It all started when a 17-year-old boy heard Lester B. ‘Mike’ Pearson, the future Prime Minister of Canada, give a call to use his Canadian education and resources to give back to those who have less. More than 60 years later, Lloyd Axworthy continues to heed that advice.
After obtaining an MA and PhD in Political Science from Princeton University, Axworthy was first elected in 1968 and had a 27-year career in elected public service. He served as Canada’s Minister of Foreign Affairs (1996-2000). He was President of the University of Winnipeg (2004-14) and currently serves as the Chair of the World Refugee Council, and also Chair of the Ambassadors Council of the Scholars at Risk Network.
Axworthy was on campus to give Western’s annual Scholars at Risk Lecture, to promote the work of the Scholars at Risk Network, an international network of institutions and individuals working to promote academic freedom and to defend the human rights of scholars worldwide.
During his lecture, Axworthy talked about the unique role that universities can play in dealing with social justice questions.
“Why aren’t we as Canadians saying, ‘Let’s go for it.’? Why aren’t law schools and others getting together to be part of the solution?” Axworthy asked. “People in conflict need support by people who live in places where there is peace and calm. It will be up to journalists, universities, to churches and mosques to fill this role.”
Axworthy became internationally known for his advancement of the human security concept, in particular, the Ottawa Treaty, a landmark global treaty banning anti-personnel landmines. For his leadership in this area, he was nominated for the Nobel Peace Prize. For his efforts in playing a pivotal role in establishing the International Criminal Court and the Protocol on child soldiers, he received the North-South Prize of the Council of Europe.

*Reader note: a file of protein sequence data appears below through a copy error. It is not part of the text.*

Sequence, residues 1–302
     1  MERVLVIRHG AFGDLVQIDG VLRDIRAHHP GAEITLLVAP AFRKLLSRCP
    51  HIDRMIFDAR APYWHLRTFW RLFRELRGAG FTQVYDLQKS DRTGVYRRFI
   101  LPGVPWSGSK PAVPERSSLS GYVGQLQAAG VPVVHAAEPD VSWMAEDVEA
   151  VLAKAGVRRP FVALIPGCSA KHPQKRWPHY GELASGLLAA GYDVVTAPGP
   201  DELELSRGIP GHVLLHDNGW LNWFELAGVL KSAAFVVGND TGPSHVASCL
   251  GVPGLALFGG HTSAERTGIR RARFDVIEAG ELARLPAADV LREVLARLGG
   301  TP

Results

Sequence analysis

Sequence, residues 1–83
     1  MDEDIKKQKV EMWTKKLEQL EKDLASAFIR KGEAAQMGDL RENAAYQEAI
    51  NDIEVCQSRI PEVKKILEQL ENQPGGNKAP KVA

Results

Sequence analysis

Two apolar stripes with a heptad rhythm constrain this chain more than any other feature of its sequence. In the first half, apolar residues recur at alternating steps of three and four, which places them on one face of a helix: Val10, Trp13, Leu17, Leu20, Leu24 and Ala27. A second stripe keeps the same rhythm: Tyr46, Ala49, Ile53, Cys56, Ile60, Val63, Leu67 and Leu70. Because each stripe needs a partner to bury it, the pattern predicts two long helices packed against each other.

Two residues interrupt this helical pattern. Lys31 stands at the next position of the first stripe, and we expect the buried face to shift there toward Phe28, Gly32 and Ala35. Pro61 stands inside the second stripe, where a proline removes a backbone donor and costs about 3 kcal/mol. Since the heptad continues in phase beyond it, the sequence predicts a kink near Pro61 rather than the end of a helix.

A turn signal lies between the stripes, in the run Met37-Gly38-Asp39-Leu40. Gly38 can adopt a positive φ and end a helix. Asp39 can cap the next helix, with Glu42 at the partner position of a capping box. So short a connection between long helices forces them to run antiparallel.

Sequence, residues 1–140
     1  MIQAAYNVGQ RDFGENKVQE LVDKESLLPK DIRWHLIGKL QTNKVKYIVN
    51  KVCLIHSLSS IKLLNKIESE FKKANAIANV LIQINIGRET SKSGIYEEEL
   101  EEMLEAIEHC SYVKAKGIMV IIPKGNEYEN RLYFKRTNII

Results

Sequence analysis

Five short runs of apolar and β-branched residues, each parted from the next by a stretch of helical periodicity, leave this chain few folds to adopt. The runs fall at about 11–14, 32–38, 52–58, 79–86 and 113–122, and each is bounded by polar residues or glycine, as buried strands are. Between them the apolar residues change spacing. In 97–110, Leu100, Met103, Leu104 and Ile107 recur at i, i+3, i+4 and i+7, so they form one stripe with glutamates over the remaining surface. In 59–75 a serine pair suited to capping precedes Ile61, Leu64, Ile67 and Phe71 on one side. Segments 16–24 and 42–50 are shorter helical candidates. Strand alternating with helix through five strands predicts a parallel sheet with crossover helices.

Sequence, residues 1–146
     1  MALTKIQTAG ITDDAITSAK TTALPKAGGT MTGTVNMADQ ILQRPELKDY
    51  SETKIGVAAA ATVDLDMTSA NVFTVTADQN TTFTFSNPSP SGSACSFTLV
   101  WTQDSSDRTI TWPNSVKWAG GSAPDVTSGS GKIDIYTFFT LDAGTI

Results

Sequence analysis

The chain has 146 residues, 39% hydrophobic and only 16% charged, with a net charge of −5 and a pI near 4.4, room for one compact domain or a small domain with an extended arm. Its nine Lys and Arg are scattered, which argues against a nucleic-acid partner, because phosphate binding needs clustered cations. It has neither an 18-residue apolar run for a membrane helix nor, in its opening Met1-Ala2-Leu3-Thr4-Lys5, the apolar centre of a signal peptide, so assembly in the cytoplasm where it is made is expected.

Western is a founding member of Scholars at Risk (SAR) Canada, in which Canadian universities work together to open the door to scholars facing severe human rights abuses in their home country so that they may continue their work in a safe environment. Western’s faculty, staff, and students have come together to provide financial and institutional support to bring SAR Scholars to campus to provide them the freedom to think, question, and share ideas – something denied to scholars in countries where that freedom is threatened.
Four Scholars at Risk have been hosted here at Western. The current SAR Scholar, Shuchi Karim, is based in the Department of Women’s Studies and Feminist Research in the Faculty of Arts & Humanities.